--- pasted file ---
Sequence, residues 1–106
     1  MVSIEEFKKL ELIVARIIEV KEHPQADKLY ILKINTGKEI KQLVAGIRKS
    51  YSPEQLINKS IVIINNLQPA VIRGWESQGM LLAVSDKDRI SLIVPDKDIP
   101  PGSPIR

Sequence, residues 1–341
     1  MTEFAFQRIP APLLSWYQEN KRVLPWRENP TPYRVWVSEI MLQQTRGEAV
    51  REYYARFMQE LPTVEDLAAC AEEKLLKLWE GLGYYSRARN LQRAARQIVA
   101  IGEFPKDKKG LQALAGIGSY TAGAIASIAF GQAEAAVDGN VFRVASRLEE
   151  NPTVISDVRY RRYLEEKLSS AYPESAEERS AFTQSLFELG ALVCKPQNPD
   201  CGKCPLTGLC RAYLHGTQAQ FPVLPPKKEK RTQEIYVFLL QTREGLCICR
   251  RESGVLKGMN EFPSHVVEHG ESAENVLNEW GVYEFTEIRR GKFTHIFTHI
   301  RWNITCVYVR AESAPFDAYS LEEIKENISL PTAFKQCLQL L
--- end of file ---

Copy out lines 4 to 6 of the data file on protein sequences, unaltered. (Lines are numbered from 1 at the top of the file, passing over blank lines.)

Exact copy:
   101  PGSPIR

Sequence, residues 1–341
     1  MTEFAFQRIP APLLSWYQEN KRVLPWRENP TPYRVWVSEI MLQQTRGEAV